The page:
Boots, which styles itself a "pharmacy-led Health & Beauty retailer" has caught a lot of flack for selling homeopathic "remedies" that contain no active ingredients. One report actually found a Boots pharmacist referring customers who asked a five-year-old child with a three-day bout of diarrhoea to homeopathic sugar pills (advice that could potentially kill the patient by leaving the underlying condition untreated).
Just in case you couldn't imagine Boots being more profit-led (rather than "pharmacy-led") marvel at the fact that the company refuses to withdraw products from Nelsons, a homeopathic manufacturer, even after the US regulator banned Nelsons products over fears that their sugar pills (which include "teething remedies" that are meant for babies) contained fragments of broken glass.
Boots's answer to a concerned customer? "Don't worry, the broken glass isn't in the stuff they sell to us."
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How could Boots know that the lax production standards applied only to shipments to the US? The products are made in Wimbledon. Do Nelsons have ‘lax Fridays’ where they all bunk off to the pub while the US export runs are made?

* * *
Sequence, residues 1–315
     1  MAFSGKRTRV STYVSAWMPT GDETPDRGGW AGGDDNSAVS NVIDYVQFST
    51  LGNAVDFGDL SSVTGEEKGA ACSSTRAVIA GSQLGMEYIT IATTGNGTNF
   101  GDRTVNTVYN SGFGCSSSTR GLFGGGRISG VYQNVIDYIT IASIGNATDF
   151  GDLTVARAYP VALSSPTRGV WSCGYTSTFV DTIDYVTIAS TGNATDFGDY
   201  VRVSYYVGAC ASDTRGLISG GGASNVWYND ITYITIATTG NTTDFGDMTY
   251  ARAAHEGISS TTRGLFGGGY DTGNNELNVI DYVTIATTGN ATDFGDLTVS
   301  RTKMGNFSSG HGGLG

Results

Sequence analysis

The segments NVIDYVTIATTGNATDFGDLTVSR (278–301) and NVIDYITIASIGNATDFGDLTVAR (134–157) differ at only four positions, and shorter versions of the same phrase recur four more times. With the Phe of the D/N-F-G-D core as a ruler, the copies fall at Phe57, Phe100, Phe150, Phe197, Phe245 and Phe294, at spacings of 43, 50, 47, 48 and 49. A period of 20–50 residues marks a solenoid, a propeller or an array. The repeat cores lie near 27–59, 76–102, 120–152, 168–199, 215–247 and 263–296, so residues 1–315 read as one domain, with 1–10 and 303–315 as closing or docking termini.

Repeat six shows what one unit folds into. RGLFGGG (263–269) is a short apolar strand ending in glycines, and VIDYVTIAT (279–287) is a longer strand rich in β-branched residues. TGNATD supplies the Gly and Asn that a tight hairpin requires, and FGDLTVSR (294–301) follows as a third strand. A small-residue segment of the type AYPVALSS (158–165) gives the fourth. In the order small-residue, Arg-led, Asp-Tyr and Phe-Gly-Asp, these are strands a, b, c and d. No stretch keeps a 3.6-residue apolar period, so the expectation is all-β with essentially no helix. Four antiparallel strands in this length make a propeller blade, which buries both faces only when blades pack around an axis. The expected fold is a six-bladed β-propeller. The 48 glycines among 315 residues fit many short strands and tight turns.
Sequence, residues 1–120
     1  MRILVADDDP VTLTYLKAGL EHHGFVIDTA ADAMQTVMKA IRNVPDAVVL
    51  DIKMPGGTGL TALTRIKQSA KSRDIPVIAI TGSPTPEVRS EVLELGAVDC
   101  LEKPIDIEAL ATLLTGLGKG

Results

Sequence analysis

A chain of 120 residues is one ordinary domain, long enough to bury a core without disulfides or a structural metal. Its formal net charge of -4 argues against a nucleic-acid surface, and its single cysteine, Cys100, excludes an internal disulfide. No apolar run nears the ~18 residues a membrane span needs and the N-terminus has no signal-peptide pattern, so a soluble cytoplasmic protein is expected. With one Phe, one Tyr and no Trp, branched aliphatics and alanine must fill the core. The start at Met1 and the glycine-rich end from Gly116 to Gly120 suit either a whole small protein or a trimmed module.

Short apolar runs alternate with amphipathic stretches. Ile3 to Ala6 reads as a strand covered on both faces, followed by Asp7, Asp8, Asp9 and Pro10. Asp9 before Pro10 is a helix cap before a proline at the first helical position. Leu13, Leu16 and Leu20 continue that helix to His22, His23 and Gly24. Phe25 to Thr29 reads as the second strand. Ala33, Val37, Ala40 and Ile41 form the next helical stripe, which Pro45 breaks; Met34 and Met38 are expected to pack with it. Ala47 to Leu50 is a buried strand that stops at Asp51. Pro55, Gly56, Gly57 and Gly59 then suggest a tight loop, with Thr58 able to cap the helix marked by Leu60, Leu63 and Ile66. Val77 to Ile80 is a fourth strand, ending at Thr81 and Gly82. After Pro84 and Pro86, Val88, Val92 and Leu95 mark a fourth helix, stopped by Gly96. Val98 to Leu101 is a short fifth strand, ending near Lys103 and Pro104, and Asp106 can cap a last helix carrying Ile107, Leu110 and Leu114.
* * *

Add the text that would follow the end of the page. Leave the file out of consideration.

This response lacks any credibility.
I wrote to Boots when I received this to ask how they can be confident that these problems do not affect the UK. I have received no response.
Of course, we know Boots have a rather cynical attitude to the homeopathic products they sell. When giving evidence to parliament, Paul Bennett, professional standards director and superintendent pharmacist at Boots, admitted they have no evidence these products work, but sold them because they could.
In Wales, 77 year old Reginald Gill has been sent to prison for 8 years after falsely "diagnosing" cancer for women who sought health aid.
Gill, who is not a doctor, gave the women phony homeopathic treatment for their phonily-diagnosed cancer, including the use of these bogus healing machines and a form of electroshock therapy.